Even though writing was something my ex-spouse knew I wanted to do when we first met. It’s baffling how bad people want to bleed everything that is good out of you, to change you into something you are not.

Bad relationships

After my divorce, I made the mistake of chasing someone who never had time for me, but insisted I was always available for them. They never outright said it. It was conditioning, and honestly, if I had better boundaries, I would have just walked away from it for good instead of getting sucked back into it. Well, fuck that noise. It was on-again-off-again, but it sure was a good way to distract myself from turning pro, that’s for sure. Since then I’ve discovered stability in a relationship, and how a healthy one allows you both to lift each other up instead of just walking on eggshells.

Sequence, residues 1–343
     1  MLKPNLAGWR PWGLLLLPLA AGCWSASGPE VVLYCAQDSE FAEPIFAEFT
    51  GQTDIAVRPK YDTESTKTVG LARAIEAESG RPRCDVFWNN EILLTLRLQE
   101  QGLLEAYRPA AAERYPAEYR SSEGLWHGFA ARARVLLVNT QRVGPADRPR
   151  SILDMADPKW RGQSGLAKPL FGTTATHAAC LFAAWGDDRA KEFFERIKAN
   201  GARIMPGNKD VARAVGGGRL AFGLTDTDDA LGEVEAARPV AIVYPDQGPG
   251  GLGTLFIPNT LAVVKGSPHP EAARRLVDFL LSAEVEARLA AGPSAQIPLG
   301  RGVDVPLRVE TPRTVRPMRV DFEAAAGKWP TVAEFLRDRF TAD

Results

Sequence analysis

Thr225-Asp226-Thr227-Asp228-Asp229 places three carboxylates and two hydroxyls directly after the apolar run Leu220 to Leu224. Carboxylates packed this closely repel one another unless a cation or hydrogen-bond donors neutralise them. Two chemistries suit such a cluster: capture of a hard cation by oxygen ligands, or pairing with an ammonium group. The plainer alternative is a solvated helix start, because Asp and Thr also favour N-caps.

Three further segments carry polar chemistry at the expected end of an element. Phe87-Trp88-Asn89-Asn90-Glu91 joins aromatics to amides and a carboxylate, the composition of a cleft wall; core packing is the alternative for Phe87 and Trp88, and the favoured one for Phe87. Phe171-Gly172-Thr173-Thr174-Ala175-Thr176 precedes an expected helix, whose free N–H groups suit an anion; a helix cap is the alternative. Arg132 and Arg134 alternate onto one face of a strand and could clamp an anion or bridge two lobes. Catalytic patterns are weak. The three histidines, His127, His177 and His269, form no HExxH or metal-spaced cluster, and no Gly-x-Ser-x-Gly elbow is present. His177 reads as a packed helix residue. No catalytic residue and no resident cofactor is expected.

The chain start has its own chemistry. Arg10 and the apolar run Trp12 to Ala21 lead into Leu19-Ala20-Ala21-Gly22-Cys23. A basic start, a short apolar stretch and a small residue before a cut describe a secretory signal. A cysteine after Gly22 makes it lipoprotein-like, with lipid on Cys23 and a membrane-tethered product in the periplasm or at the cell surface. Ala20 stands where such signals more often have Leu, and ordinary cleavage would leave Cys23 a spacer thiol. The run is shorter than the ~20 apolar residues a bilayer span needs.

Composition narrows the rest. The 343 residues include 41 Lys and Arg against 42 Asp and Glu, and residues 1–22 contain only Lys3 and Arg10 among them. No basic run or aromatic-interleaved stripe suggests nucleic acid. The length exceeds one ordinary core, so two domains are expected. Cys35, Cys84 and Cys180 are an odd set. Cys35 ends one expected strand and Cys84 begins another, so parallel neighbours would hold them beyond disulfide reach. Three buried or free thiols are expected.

People just don’t get it

My family, my friends, and all sorts of people I know just don’t understand why I’m doing what I do. A couple times, I have even been told “well, you’re not a real writer.” You’d think that would get me fired up, but it really doesn’t. Especially depending on the source. Someone projecting their own doubts of their potential onto me, whom the are just illustrating they know nothing about.

The day job

The day job has been a major element of Resistance. Sitting at my desk for eight hours a day, I can honestly say that in the last 13 years of being there, I have become very efficient at what I do. The same crap that took me several hours to do might take half that time. So basically I respond to tasks, I fight fires. Above all else, I listen to a bunch of people in the office who never shut up because apparently they don’t have enough to do. Most days I put in my earbuds and I try to block out the jabber, because when you work in a fishbowl, you can kiss productivity goodbye.